John Horse, also known as Juan Caballo, Juan Cavallo, John Cowaya or “Gopher John,” was a black Seminole warrior and military advisor to Osceola. His aliases were the products of different slave owners in Spanish Florida. Born of African and Indian descent, Gopher John was said to be the most successful black freedom fighter of his time. He led his people during the slave uprising of 1850 and led a massive pilgrimage from Florida to Mexico.
The muscular, six-foot tall soldier was an expert marksman and said to be one of the coolest and confident men in the land. He wore long, straight hair under his turban with plumes, a hunting shirt that gathered at the waist with a sash and silver clips on his lapels. His leggings were decorated with ribbons.
As legend says, John Horse got the nickname “Gopher John” as a child. He had owned a few turtles and was asked to sell them to a U.S. Army Commander. The commander kept asking John to supply him with more turtles and paid John for them. When it was time for a big turtle meat feast at the Army camp, the commander noticed only a few turtles in the pen. John had re-sold the man his own turtles over and over again. The commander nicknamed him Gopher John.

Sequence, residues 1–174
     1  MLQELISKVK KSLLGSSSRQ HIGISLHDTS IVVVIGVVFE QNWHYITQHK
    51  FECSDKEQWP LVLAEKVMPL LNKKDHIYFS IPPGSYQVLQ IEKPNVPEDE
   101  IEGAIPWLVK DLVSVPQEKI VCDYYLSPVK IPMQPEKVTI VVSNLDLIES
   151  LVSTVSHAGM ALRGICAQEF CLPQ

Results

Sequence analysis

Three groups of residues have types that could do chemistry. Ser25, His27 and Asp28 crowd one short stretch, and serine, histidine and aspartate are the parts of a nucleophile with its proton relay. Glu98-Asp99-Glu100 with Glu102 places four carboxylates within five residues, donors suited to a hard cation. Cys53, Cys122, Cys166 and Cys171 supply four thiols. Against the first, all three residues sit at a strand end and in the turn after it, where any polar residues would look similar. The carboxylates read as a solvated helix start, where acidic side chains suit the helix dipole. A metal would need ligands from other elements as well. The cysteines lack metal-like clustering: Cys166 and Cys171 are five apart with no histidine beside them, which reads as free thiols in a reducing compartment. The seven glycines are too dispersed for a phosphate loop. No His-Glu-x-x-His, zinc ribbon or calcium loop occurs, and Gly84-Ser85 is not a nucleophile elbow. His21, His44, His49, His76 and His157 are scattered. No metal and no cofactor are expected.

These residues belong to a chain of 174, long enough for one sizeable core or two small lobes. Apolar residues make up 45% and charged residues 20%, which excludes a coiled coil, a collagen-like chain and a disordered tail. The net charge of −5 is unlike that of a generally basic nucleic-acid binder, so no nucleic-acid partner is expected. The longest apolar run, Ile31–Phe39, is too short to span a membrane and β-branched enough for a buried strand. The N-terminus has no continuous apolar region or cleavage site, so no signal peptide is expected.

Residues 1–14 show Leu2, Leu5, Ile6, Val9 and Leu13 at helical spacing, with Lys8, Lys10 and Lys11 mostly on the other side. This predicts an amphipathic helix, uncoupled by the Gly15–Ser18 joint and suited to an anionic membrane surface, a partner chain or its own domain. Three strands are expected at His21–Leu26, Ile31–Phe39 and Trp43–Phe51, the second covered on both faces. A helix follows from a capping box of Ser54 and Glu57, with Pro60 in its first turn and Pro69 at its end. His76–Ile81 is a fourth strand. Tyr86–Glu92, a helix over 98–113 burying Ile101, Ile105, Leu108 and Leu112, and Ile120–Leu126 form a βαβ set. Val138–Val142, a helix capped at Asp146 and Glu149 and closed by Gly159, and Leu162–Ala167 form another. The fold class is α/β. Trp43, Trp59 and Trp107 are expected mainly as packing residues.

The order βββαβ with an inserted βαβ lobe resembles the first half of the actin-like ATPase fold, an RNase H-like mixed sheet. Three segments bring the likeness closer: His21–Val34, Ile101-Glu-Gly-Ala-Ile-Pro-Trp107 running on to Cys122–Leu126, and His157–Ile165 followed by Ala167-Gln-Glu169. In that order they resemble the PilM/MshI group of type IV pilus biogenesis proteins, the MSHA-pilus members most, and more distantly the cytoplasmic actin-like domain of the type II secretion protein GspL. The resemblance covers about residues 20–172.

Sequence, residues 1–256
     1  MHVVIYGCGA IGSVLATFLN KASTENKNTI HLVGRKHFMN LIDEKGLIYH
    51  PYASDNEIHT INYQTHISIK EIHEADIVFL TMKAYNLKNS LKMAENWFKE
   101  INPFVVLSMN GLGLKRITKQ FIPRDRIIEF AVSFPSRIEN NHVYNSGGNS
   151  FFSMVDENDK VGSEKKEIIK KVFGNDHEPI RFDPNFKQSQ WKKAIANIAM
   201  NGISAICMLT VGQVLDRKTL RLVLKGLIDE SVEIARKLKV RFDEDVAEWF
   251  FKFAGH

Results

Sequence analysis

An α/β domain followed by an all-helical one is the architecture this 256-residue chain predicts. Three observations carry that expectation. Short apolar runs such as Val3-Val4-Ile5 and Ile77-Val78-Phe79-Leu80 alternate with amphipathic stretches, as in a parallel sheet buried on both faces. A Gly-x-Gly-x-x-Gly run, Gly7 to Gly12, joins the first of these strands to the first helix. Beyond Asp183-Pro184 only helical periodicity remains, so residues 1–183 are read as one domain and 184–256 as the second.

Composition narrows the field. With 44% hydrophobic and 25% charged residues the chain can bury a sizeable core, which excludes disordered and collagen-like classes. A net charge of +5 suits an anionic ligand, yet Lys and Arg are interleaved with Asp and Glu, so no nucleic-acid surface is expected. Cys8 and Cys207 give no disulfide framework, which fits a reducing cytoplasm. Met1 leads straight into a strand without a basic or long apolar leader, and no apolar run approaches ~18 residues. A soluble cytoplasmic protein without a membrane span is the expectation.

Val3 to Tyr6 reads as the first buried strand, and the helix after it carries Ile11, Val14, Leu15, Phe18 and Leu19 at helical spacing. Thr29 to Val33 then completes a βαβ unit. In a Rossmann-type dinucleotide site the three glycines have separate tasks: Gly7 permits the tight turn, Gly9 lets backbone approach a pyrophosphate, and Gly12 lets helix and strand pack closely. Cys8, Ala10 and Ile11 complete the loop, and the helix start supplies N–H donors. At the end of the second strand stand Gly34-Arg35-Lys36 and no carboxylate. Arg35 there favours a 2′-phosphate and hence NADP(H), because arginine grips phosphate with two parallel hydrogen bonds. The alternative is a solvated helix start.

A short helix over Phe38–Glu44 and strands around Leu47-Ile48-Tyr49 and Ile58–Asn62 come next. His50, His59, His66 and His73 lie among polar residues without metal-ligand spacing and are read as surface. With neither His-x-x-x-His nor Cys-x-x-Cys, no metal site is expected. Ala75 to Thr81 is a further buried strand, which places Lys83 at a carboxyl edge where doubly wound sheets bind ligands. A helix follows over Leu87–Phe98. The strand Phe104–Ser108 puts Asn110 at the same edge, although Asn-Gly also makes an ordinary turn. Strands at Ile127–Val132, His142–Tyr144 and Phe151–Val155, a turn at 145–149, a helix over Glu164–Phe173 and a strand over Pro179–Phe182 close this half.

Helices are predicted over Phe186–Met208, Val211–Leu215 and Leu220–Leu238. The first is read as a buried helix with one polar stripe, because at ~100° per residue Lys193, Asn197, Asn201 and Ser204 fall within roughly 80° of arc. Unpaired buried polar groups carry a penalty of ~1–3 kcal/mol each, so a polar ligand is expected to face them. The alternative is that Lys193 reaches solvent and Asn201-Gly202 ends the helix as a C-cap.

John Horse lived through the War of 1812 and two Seminole Wars. He fought against Creek Indians and the U.S. Army for the freedom of the Seminoles. However, in order to gain freedom for his family, he worked as a translator for the U.S. Army in the Second Seminole war. After building the village of Wewoka for his people, he traveled to Washington to lobby for land settlement and freedom. For 20 years, between 1850-1870, he was leader of the Black Seminoles in the southwest.
John Horse, or Gopher John, died in Mexico City in 1882 while on a mission to settle a land dispute.
Little Known Black History Fact: Gopher John, Seminole Warrior was originally published on blackamericaweb.com